24. Watching the symptoms evolve in our daughter is by far the scariest and hardest thing about this condition for me. I know exactly what’s she’s in for and I can only pray that early diagnosis will give her an easier future.” – Crystal F.
  25. The worst part of my Ehlers-Danlos syndrome and all the other things that seem to come with it is guilt. Mostly, I feel guilty of the toll this has brought to my family. The guilt doesn’t seem to end there though. It trickles into every aspect of life itself. Guilt of the day going by with nothing productive done. Guilt that I’m not the mom and wife I used to be. Guilt that my family isn’t nourished with healthy meals because I haven’t been able to cook for so long. Guilt that my children are showing the exact same symptoms of this genetic illness. Guilt that my brother [died by] suicide over this same illness. Guilt that we didn’t have answers sooner. The list could go on and on. Chronic illness never ends, not even if we are tired and are begging for it to go away. The only way I know how to deal with it, is to take one day at a time. Every day I try and remain hopeful and remind myself that I’m not the only one fighting chronic illness and every day I just try and do what I can.” – Melissa D.

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It’s Not Just Huawei and ZTE…

Posted by Scott Holstad on April 4, 2019

I published an article on my LinkedIn page today. This is the gist.

There are other technology-based companies in China, some much bigger & wealthier than Huawei, that *could* be capable of things some accuse the more famous companies of while hiding beneath the surface. Here is the link to it if you’re interested: https://www.linkedin.com/pulse/its-just-huawei-zte-scott-holstad.

Thanks!

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Giving up my smartphone

Posted by Scott Holstad on March 24, 2019

I’m considering this very thing and have been researching good flip phones for many weeks. I have steep technological preferences, so unfortunately, most don’t work for me, and I did order a decent and highly rated Kyrocera, only to find when I hook it to my computer, it’s not recognized and I downloaded the current device driver updates from their site and it STILL won’t work — AND they’re 13 years old! And I’ve done a lot of research and found tons of people have the same problem and AT&T (the carrier) actually has a lot of support pages for this phone, including several on this problem, none of which can currently help me.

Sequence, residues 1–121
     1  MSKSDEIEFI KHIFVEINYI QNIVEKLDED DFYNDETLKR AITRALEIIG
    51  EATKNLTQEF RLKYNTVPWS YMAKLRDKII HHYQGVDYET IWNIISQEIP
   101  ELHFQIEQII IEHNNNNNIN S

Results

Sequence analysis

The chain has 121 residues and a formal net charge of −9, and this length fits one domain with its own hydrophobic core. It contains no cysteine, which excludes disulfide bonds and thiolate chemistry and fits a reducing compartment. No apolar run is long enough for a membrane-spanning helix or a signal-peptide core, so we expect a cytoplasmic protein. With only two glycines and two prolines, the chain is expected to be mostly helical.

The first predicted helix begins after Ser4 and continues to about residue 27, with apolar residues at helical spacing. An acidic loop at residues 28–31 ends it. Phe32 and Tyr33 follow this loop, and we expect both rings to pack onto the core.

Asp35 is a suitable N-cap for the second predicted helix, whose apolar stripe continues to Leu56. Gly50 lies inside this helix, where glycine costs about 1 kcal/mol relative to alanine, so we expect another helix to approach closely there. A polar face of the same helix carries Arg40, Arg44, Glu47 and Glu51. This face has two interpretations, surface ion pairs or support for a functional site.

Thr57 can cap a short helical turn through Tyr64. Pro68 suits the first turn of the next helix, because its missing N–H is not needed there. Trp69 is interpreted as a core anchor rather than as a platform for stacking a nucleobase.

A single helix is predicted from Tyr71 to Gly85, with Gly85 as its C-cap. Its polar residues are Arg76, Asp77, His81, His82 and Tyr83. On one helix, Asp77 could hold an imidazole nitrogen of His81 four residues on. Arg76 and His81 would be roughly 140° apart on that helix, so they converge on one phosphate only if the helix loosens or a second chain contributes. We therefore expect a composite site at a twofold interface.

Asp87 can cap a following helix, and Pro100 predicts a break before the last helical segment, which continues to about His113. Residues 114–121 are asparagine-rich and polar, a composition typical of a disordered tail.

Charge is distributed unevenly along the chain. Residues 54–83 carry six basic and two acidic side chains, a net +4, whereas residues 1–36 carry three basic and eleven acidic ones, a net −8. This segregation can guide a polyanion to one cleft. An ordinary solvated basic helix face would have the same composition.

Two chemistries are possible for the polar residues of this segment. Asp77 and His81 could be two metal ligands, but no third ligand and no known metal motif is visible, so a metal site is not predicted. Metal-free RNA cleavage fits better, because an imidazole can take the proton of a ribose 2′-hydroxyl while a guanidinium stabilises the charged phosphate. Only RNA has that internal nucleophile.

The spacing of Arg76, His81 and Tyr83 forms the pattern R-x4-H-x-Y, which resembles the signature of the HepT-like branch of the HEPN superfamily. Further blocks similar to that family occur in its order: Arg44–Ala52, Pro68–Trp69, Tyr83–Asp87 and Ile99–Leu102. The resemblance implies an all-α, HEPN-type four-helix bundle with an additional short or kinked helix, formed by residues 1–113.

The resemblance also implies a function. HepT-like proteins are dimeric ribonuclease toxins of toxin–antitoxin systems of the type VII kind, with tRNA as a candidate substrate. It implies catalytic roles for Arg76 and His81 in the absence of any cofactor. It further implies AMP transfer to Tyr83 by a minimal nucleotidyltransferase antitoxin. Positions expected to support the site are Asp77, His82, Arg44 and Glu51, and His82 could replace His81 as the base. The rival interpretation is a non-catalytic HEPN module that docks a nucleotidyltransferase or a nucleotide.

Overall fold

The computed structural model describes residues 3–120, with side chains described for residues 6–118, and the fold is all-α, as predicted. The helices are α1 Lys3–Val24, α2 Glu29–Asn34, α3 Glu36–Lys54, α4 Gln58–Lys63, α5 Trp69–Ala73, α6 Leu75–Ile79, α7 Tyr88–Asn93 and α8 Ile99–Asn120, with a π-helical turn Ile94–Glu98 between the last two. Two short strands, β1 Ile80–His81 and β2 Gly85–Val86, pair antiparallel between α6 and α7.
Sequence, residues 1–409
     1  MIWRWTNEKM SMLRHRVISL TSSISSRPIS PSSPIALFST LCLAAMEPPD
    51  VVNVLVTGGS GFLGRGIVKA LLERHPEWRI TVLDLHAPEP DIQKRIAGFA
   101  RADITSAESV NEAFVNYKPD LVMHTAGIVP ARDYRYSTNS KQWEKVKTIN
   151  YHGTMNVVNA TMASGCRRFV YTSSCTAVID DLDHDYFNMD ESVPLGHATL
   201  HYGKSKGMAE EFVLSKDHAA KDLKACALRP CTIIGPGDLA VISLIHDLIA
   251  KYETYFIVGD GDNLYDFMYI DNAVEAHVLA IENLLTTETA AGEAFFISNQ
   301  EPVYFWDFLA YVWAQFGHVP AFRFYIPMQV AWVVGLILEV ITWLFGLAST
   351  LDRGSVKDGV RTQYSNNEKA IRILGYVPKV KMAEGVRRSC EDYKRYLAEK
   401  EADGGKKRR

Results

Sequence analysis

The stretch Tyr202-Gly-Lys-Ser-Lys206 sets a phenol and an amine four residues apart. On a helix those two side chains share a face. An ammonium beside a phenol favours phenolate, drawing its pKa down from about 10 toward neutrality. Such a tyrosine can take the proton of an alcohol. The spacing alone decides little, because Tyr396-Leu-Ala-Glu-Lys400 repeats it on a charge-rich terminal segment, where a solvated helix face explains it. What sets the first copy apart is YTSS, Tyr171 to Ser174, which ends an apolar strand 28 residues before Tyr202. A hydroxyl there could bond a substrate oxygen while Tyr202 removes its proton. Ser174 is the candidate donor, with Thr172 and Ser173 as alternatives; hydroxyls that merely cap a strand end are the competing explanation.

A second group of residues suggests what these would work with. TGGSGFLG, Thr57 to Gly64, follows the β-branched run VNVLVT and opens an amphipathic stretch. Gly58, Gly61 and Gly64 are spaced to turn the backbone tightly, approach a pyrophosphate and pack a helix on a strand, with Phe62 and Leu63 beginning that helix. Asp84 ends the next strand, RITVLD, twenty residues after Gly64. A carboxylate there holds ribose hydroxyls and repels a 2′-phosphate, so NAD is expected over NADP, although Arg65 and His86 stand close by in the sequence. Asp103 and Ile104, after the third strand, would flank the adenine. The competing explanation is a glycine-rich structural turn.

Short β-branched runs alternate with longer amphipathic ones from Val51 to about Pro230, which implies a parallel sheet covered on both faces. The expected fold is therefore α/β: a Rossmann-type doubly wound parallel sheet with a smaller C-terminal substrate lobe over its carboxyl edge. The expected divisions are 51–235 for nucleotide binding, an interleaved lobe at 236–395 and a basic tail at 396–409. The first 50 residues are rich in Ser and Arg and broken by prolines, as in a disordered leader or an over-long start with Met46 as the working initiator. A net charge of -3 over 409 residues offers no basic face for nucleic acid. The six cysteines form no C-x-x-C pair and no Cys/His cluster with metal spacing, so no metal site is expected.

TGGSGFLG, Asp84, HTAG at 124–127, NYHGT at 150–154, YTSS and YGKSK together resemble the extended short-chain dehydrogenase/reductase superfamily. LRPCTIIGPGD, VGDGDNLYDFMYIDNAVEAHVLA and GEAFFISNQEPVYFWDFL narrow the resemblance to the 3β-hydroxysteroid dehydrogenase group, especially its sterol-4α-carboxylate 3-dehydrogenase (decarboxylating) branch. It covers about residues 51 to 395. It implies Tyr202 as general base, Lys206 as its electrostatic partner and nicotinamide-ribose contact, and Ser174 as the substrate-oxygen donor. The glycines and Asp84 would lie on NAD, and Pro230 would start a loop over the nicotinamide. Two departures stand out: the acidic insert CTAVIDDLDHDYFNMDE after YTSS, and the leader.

However, after ordering this phone, I found ANOTHER phone I liked even more! A Samsung, and I’ve discovered they make some very cool ones (as do some other companies) that are “smart” flip phones that are WAY advanced and can be pretty pricey — BUT they’re not available in the US and may never be, even though there’s huge interest and demand. But many of these are sold in unlocked “international” versions, so that theoretically they should work with any 4G GSM network and carrier, such as AT&T. So I ordered one and am still waiting to get it. My main worry is no one here will know how to activate it since they’ll have never seen it, even if I have an AT&T sim, which I do. Still, it’s a Samsung Galaxy Folder 2 G1650, and while it’s not the “best” on the market (the “best” costs in excess of $12,000!!! — 12 THOUSAND!), it’s pretty freaking good and the retail price is pretty high (although not as high as a Galaxy S10+!) for a flip phone, but with my recent technology luck — which surprisingly has not been good — I’m not only worried this phone won’t work either and I’ll have to return both, but I may NEVER find the phone I’m looking for, unlike the author of the following blog, which I thought was good and wanted to share and which — if and when I get a flip phone that works and satisfies me — I’ll probably write about too, in terms of my reasons for wanting to “take a step back…”.

via Giving up my smartphone

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This Is Why Tennessee Will Win the 2018-2019 Men’s Basketball National Championship!

Posted by Scott Holstad on February 8, 2019

This Is Why Tennessee Will Win the 2018-2019 Men’s Basketball National Championship!

Best Team in America, Best Players in America

 

 

The Admiral

https://youtu.be/RMcziFVu2GE

 

Admiral Schofield vs (former) #1 Gonzaga (12/9/18)

https://youtu.be/GxkvluZ8_ic

 

Admiral Schofield, 6’6″ 245 lb Power Guard Pushes People Around

http://www.espn.com/video/clip?id=25880289

 

 

Grant Williams, 2017-18 SEC Player of the Year, Going 23 of 23 at the Line vs Vandy, Best in 60 years, 43 Points. Future 2018-2019 Wooden Award Winner, National Champion

https://youtu.be/0fjxUdxd-Iw 

 

Grant Williams, 2017-18 SEC Player of the Year

https://youtu.be/fwfQyvTiSDw

 

Williams with the Athletic Game Saving Block

http://www.espn.com/video/clip?id=25802926

 

6’7″ 245 lb Williams Can Use Big Frame to Clear Space and Slam it Home!

http://www.espn.com/video/clip?id=25802437